Pintism

Apr. 28th, 2009 01:22 pm
jookitcz: (Default)
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I just discovered Redactions.com. It's wonderful. Among their suggested exercises for poetry writing:




#80: GemALEgedicht — The Pintist School of Poetry

Let me tell you a story of the forgotten school of poetry that Ralph Black and I (Tom Holmes) have recently discovered. This school arrived in the late 19th century and early 20th century in a few dank town pubs in Northern England, Scotland, and on the outskirts of Dublin, Ireland. This poetic movement wasn’t a response to anything, it grew organically from the hops and yeast in Pints of Ale.

The Pintists, as they were called, believed in writing poetry whilst drinking pints of ale. Though they preferred to call their composing of poetry in this manner as Pinting. This school of poetry held firm in their beliefs of Pinting: everything could be explained by using only objects in the bar as a metaphor for the human condition; they believed the bartender was a high priest, or priestess; and their muse, their god, was represented in the below picture painted by Brian Warner.



Yes, the Pintists held strong til they read these lines from The Waste Land:


HURRY UP PLEASE IT’S TIME
HURRY UP PLEASE IT’S TIME


These lines shook many Pintists to the core. They believed they had been stagnating by drinking only one ale. The Pintists slowly fractured. First came the experimentalist who started binging on the German Ales. Then some of them even split into a smaller group of fringe avant gardists who downed Indian Pale Ales whilst writing their poems (and they were sure to use "whilst" as often as possible in their poems, because they believed "whilst" had etymological connections to "whistle", which they thought keen because they were always wetting their whistle, which later became their underground, hip word for pencil, because the pencil, they believed, couldn't create unless it was wet with ale. (Some deep-hearted, avant garde, IPA Pintists actually took this literally, and dipped their pencils into their pints of IPA, like a fountain pen into an inkwell, as a ritual before they wrote. A few years later, these poor soles, these writers in the primes of their youth and artistic expressions, died from lead poisoning. This sorrowed all Pintists, and they slowly vanished like the sputtering of an empty keg.))

At the same time everyone was reading the lines “HURRY UP PLEASE IT’S TIME”, and whilst the avant garde IPA Pintists we’re slowly killing themselves, feminists got involved in the movement. The believed, and rightly so, that they too could drink as much and write as well as any of the male Pintists. This group of women would become known as the Ale-Wives. And whilst they believed in the Pintist school of poetry, they also believed the words HURRY UP PLEASE IT’S TIME was a good suggestion to all that it is time to go home. The Ale-Wives stressed the importance that there are a few things outside of the pub that are important to consider. They also stressed the cyclic nature of life – all good things must come to an end, but tomorrow is just the beginning of more good things.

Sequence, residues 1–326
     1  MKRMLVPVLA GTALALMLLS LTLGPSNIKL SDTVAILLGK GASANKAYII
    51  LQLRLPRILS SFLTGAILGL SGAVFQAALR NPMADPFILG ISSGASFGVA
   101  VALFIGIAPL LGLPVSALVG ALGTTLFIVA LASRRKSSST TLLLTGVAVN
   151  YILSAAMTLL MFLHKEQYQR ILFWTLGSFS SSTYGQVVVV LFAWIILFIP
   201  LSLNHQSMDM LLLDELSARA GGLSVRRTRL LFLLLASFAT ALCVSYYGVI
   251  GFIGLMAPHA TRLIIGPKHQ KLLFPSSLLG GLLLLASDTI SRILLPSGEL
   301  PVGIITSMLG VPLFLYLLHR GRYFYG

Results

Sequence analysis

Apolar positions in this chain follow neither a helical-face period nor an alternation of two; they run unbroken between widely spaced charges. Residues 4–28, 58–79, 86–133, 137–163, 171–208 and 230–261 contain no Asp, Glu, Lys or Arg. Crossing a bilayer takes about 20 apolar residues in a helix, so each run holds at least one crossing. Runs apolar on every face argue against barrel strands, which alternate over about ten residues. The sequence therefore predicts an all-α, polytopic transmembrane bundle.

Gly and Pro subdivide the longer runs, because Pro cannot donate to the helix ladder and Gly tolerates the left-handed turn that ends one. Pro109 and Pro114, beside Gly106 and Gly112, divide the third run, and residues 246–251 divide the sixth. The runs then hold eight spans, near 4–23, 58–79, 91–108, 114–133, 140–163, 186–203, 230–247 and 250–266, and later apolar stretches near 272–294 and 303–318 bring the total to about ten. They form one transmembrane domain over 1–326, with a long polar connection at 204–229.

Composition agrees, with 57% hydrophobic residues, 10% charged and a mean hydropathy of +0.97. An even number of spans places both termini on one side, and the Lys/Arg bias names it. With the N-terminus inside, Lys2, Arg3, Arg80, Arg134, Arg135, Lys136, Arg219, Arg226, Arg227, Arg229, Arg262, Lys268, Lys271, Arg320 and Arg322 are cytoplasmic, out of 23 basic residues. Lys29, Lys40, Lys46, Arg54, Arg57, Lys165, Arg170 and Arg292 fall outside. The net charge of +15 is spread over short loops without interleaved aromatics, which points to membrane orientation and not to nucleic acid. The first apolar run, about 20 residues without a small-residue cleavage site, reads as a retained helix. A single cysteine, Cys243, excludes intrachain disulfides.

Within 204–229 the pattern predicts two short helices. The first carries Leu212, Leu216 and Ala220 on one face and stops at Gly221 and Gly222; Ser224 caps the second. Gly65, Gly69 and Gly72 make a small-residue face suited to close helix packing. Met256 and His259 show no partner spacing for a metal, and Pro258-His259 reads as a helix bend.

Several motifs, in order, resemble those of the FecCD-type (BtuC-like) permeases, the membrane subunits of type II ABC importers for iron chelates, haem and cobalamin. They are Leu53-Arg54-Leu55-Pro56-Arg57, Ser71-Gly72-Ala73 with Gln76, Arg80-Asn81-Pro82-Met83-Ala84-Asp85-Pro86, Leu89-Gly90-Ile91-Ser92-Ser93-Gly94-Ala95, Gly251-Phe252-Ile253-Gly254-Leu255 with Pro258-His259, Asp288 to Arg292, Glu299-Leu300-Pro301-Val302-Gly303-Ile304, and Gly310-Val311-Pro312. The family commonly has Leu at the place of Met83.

Around the time of the rise of the Ale-Wives, Ezra Pound, T. S. Eliot, and Gertrude Stein were in Dublin, Ireland, trying to raise rent money for James Joyce. They met Joyce in a bar in Dublin to give him rent money, so he wouldn’t have to move, and so he could concentrate on his writing. Joyce was so touched by the love and concern that he started buying drinks to celebrate this act of love. Eventually, when the rent money was almost all gone, Joyce started buying drams of ale instead of pints. He was trying to conserve what little money he had left. At which point, Ezra asked Joyce if he had heard or read anything of the Pintists. Joyce responded, “Yes, they are so dramatic and grandiose in their expositions. What they need to do is start drinking these drams, like us!” Soon the minimalist school of Pintists was born, and they called themselves the Pintalists. The Pintalists lasted the night, and the school was never heard from again. Though one poem was recently discovered by a Pintologist from Brockport, NY. This Pintologist was in SUNY Buffalo’s library of archives doing research on Ezra Pound. Whilst going through Pound’s journals, he found a cocktail napkin with a poem on it. He believes the poem was written during the night of the Pintalists. The poem reads:



In a Tavern in Dublin, Ireland

The apparition of these faces —
bubbles on a dram of ale.


Ok. Your assignment is to revive the school of Pintists. You will find a bar and compose poems whilst drinking pints of ale, um, I mean, you will involve yourself in Pinting.

Go forth.

Oh, one last thing, all Pintists believed in good tipping practices. They believed it healed the soul. They believed the better they tipped their high priests and priestesses, the less hungover they would be in the morning.

Ok. Now, go forth.






http://www.redactions.com/poetry-assignment.asp
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